Alexisonfire / Comeback Kid / Beat Union

Newcastle University on Mon 5th Mar 2007

Tonight is the kind of night you end up watching the crowd as much as you watch the bands. A melee of angered souls backed by testosterone and power-chords makes for an interesting spectacle. They even had a pyramid formation in the middle of the mosh pit. In my day we would have fought it out, man to man.

First support act Beat Union arrived on stage to half-hearted applause from the mob who were probably moving onto some kind of star-jump routine by this point. It almost seemed that music might take a backseat in this company, something that is always an issue for groups who appeal to an under-exercised generation whose only daily activities are cussing and masturbation. Nevertheless, they caught my attention with a tight set and a sound that was comparable to both The Jam and Ordinary Boys only with a beefed up sound system to ensure the crowd would achieve their quota of hearing-loss for the night.

They needn’t have worried though with the next act Comeback Kid. I don’t mean it in a good way either. It is probably best summed up like this:

There are times in music where you severely doubt how a band can look at themselves in a mirror and in their heart of hearts that they aren’t doing it a massive disservice because of the ineptitude of their entire musical composition, which is based on laying down the same grungy chord on top of the same hammered drumbeat and screaming like some delirious spawn of the most devilish creature in all of Christendom about something that no-one can hear and then stopping for breath and then starting a ‘new’ song which sounds exactly like the first and then call it all music and expect some kind of respect for it which for me seems exactly the same as writing a very long phrase without any punctuation and calling it good grammar. You probably didn’t appreciate that sentence and similarly I, along with several hundred zany teenagers, certainly did not appreciate them.

The devil within me thus needed exorcising and I had one last hope. A group of five young men from Canada who named themselves after the first lactating porn star. It’s hardly a fairytale plotline, but the effect it had on me was something that even Hans Christian Anderson would have been proud of, and without a princess in sight.

Having never been a big fan of heavier music, the previous acts were observed in considering the standard of their music in terms of their particular genre of music and not whether I personally liked it. However, Alexisonfire somehow appealed to me with their uplifting vocals and harsh riffs in a way I hadn’t thought possible before.

Perhaps that is their biggest achievement of all; being able to appeal to such a diverse market and it goes some way towards explaining the massive global popularity they currently enjoy. Dallas Green’s beautiful strains are brought up against the harsh screams of George Pettit to provide the variety of sound that is so easy to miss when playing heavy music. As far as rage bands go, they take the hideous, dark carcasses of so many hardcore bands and shine a light of hope and genuine emotion into their blackened souls. That’s not to say they are unfaithful to their heavier roots, only that their sound is an enlargement of this concept.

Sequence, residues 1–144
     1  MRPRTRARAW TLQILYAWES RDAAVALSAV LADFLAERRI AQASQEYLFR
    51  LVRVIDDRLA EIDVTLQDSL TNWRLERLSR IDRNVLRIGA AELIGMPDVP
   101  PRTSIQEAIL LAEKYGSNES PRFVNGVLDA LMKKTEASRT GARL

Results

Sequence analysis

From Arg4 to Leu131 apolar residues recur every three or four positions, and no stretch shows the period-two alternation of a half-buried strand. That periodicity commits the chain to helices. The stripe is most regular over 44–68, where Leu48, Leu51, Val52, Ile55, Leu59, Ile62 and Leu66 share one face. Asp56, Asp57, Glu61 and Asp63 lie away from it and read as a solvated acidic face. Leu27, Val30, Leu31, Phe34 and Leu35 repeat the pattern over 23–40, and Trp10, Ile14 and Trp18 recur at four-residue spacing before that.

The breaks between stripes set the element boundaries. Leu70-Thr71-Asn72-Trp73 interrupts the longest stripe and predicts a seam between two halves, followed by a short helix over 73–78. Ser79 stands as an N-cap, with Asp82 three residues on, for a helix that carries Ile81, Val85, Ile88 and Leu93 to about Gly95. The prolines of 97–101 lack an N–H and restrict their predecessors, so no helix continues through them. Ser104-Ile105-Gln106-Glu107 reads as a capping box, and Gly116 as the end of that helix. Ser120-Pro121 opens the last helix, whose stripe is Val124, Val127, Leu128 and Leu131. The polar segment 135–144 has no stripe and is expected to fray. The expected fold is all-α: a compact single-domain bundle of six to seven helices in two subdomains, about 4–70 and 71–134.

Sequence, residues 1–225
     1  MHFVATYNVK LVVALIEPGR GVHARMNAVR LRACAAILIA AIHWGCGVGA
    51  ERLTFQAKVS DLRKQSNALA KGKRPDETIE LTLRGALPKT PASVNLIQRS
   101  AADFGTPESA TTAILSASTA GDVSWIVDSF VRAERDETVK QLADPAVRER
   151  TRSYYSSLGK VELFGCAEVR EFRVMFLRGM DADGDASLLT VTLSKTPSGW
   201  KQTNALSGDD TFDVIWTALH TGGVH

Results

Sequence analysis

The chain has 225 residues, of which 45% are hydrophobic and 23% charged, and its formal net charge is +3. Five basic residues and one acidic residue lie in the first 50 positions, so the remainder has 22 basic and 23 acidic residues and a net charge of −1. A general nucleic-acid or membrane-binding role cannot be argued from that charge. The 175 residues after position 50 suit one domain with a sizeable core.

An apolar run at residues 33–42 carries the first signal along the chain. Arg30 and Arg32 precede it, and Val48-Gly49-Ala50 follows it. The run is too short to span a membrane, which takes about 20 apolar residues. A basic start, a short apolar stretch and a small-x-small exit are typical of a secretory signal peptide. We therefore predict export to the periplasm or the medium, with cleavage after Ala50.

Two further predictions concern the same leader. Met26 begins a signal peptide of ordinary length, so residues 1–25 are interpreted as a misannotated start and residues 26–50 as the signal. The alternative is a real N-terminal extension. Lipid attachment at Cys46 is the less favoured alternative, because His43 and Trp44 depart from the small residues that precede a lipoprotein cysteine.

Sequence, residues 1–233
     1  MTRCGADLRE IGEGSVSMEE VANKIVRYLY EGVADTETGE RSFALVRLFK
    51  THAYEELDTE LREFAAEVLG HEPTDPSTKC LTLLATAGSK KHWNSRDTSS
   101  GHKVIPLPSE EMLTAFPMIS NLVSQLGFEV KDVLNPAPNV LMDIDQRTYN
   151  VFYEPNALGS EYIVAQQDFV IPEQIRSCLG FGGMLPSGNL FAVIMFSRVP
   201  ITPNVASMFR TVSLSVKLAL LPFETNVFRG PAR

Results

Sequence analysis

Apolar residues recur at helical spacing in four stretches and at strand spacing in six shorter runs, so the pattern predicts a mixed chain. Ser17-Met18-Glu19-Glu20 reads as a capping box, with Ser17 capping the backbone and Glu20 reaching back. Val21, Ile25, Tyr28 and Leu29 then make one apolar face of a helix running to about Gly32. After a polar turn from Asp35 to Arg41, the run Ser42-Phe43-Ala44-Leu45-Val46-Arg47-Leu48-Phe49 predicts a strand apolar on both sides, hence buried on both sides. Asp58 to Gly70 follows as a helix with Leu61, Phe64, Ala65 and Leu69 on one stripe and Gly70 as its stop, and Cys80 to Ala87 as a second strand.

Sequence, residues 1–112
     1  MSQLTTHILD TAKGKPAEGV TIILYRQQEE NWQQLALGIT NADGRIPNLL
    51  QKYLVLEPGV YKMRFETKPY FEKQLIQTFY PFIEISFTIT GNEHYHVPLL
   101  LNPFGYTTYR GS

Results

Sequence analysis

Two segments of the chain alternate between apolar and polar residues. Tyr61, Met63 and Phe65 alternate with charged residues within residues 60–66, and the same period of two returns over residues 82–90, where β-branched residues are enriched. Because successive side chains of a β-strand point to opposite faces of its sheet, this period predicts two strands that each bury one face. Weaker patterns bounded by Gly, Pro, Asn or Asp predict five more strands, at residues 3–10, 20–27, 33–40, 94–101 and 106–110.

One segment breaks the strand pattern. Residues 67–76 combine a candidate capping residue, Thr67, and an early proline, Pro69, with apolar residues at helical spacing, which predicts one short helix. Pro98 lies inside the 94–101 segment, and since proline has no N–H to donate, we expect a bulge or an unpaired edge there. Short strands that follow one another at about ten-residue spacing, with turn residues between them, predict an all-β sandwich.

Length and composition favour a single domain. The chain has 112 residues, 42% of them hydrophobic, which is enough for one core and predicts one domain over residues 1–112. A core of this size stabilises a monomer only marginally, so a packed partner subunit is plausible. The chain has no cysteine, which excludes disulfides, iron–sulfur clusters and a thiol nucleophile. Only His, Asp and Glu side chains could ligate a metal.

This sound was something that transferred very well onto the live stage. It was somewhat epic in its depth and rich vivacity, blending unbounded energy with moments of contained profundity.

They command a great stage presence, perhaps because of their dedication to touring which has seen them visit Newcastle no fewer than three times in the last year, no mean feat for a band who live some 3,500 miles away. As a result they are extremely tight in their performance, opening with a seamlessly uplifting version of ‘Drunks, Lovers, Sinners and Saints’ before creating a furore in the suddenly re-awakened crowd by ripping through ‘Boiled Frogs’ and ‘Control’, the latter demonstrating Green’s superb vocal range which was genuinely moving. I believe he is a major reason why Alexisonfire’s work is so brilliant as he brings order to the musical chaos around him which enables a wider range of people to relate and understand the concept of heavy music.

Rough Hands was brought in half way through the gig and it offered a really nice change in tempo to the more frenzied opening and even the young crowd seemed appreciative of the band’s ability to dictate the pace of the performance as they wished.

In saying all this, I feel obliged to find fault with something at a gig. For all my previous positivism, this show was no exception. For all their competence and faultless playing, I felt there was perhaps a slight lack of inventiveness in the way they adapted their songs for a live arena. If you tour all the time you do get very good at what you play, but perhaps it also means that you don’t stray too far from the formula you know. Ok, so I’m nitpicking, but perhaps it is something that could be coupled with their enthusiasm to create an even better experience.

Finishing off, before the encore, with ‘Happiness by the Kilowatt’ they showed that they were happy to air some of their older hits for the benefit of their enthusiastic audience who, in the midst of musical enjoyment, had forgotten their previous acrobatics to give the band their full attention.

With the encore came ‘Get Fighted’ and a brilliant ending brought about by ‘Accidents’, almost degenerating into a full blown sing-along.

You see, Alexisonfire are no ordinary band. They are not only re-defining a genre, they are simultaneously luring more and more people towards the darker side of music. You have been warned...

article by: James Robinson

published: 08/03/2007 23:58


sorry, we currently have no gigs listed for this act.